King Maha Vajiralongkorn expands his territory – but at what cost?

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King Maha Vajiralongkorn is now in charge of the agency that controls Thailand’s crown property. As he consolidates, the military’s hold on power could come under threat.

By John Pennington, Edited by Tan Jie Ying

Change is afoot in Thailand. Amidst continued instability and uncertainty, King Maha Vajiralongkorn asserts more control. This move puts the ruling military junta in check.

The king now has full control of the agency that manages the holdings of the monarchy. Details about the Crown Property Bureau (CPB) are shrouded in secrecy. But it is worth at least US$30 billion thanks to significant holdings and investments, estimates suggested.

The king swiftly installed a close aide as CPB chairman

The Crown Property Act replaces three laws that dated back to 1936. The king will now directly supervise the agency, and the law states that the bureau’s properties will be managed “at his majesty’s discretion.”

The king may also delegate management of properties and assets, and he alone can appoint a board of directors and its chairperson. Previously, Thailand’s finance minister held this position. King Maha Vajiralongkorn promptly installed a close aide as the head of CPB – his former private secretary Air Chief Marshal Satitpong Sukvimol.

King Maha Vajiralongkorn’s appointment of Sukvimol appears to validate anxieties about his absolutist tendencies. “He seems determined to reassert the rule of monarchy and he doesn’t want all these rules and regulations,” veteran journalist Andrew MacGregor Marshall commented. “He wants everyone to know that he controls the money.”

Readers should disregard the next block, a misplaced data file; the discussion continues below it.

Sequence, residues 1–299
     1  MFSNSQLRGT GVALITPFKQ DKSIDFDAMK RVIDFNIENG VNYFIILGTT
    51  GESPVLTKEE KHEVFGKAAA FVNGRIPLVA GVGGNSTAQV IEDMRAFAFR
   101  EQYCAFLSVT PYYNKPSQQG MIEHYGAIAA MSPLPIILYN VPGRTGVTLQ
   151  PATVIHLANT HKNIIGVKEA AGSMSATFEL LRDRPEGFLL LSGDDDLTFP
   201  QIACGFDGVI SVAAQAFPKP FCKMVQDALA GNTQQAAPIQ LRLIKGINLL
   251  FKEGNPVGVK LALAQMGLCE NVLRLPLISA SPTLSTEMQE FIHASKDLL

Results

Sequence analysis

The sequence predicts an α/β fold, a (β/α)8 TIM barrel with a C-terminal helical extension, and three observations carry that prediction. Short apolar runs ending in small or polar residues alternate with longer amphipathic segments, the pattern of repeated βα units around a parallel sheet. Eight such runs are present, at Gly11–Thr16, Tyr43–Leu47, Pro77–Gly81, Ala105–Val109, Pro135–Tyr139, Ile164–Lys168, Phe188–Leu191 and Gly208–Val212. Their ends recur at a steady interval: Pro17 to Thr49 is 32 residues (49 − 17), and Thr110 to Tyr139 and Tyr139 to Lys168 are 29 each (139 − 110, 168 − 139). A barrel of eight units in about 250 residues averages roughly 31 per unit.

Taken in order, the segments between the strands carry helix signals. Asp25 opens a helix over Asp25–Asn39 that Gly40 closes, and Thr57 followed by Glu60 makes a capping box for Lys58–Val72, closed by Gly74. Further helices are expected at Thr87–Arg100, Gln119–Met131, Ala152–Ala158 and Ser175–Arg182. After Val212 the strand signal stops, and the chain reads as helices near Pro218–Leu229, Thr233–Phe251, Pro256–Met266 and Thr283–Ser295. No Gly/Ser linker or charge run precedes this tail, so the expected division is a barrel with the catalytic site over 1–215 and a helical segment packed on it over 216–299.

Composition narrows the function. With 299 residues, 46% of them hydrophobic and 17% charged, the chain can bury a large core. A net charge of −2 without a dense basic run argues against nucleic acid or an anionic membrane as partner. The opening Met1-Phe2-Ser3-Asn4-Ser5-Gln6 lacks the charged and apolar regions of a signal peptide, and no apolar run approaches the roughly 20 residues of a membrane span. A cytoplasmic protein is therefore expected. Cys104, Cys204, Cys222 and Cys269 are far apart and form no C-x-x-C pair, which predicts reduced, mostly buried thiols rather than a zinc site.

This is the latest in a series of moves the king has made to assert control

Since acceding to the throne in December, King Maha Vajiralongkorn has taken a number of steps to increase his decision-making influence and consolidate his power. Unlike his father, he is not simply going to take a back seat and allow the junta to have total control. The junta risks losing influence and decision-making ability. But it is obliged to obey the king’s orders thanks to protocol obligations and King Maha Vajiralongkorn’s military background.

Soon after he began ruling, he demanded changes to the constitution. King Maha Vajiralongkorn now has power over naming a regent and the option to intervene in case of political deadlock. The amendment affords him independence and political influence. It also creates more instability.

Furthermore, the junta allowed him to name Thailand’s top monk. He then replaced officials who served his father with his own men – a precursor to what he has just done with the CPB. In April, King Maha Vajiralongkorn took control of five state agencies that oversee royal affairs and security. The government or military previously controlled all five. Many of those  King Maha Vajiralongkorn has promoted come from a faction of the army sympathetic to the new ruler.

“His majesty has proven himself to be very adept at managing the junta and the military,” assessed Paul Chambers, Institute of Southeast Asian Affairs in Chiang Mai.

He is making a clean break from his father

King Maha Vajiralongkorn is bringing about major changes in the relationship between the royal family and the junta. His recent moves represent a clean break from his father, who was able to wield influence and power without needing to take control of agencies.

Whereas King Bhumibol Adulyadej’s popularity gave him legitimacy, King Maha Vajiralongkorn cannot count on anything like the same appeal. Censorship and lèse majesté laws will only prevent so much information about his private life slipping out. Perhaps aware of his own reputation and public image, he is pushing hard to impose himself and build his power base.